Milan Asadurov (Bulgarian: Милан Асадуров; 29 December 1949 – 7 June 2019) was a Bulgarian author, publisher, and translator of science fiction. He wrote short stories and scripts for television and radio since 1968.
In 1979, he founded one of the first, most popular, and longest running science fiction publishers’ series in Bulgaria called “Galaxy”, with more than 100 books to date. Authors published in the catalogue range from Isaac Asimov, Raymond Chandler, Ray Bradbury, Strugatsky Brothers, and Ursula K. Le Guin to Yordan Radichkov, William Faulkner, and Herbert Wells. Some of them published for the first time in Bulgarian.
Milan Asadurov translated a number of books by Arkady and Boris Strugatsky “Roadside Picnic" or "Stalker" (1980), “The Ugly Swans” (1982), “Beetle in the Anthill” (1984), “The Time Wanderers” (1985), “The Doomed City” (1990) and “A Tale of the Troika” (1993) among them. He was editor-in-chief of The Lighthouse Almanac and the scientific series of Neptun Publishing where he published works by Thor Heyerdahl and Jacques-Yves Cousteau.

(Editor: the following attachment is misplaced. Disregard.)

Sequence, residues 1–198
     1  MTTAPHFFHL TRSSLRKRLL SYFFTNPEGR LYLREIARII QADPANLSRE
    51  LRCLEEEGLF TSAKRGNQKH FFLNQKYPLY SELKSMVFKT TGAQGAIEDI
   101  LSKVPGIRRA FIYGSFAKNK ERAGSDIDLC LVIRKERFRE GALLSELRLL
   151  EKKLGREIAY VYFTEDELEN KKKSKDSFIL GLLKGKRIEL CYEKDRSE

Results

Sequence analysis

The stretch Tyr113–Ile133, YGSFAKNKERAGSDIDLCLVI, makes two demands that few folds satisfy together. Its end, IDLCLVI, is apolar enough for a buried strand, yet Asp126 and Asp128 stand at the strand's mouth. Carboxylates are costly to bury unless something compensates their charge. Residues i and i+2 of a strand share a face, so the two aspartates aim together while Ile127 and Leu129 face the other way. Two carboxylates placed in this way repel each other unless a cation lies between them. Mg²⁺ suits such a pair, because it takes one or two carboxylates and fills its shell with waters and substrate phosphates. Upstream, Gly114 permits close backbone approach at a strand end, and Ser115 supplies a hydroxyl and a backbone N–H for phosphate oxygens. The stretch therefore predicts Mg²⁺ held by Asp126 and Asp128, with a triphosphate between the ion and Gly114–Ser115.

In 1982, together with the photographer Angel Zlatanov, he traveled from Krapets to Ahtopol and wrote a succession of 12 articles about the history of lighthouses on Bulgaria's Black Sea shoreline. He was editor-in-chief of Maritime Magazine through the 1970s and ran his shows on radio and TV through the 1980s. In 1991 he founded his own publishing house and a bookstore "Stalker". In 1997, he published the first book of his science fiction trilogy Tales of Naught - “Library or No Way”, “Second Library”, “Dictionary of Naught”. In 1999, Asadurov translated and published Events by Daniil Kharms and in 2007 Lev Gumilyov's "Ethnogenesis and the Biosphere of Earth".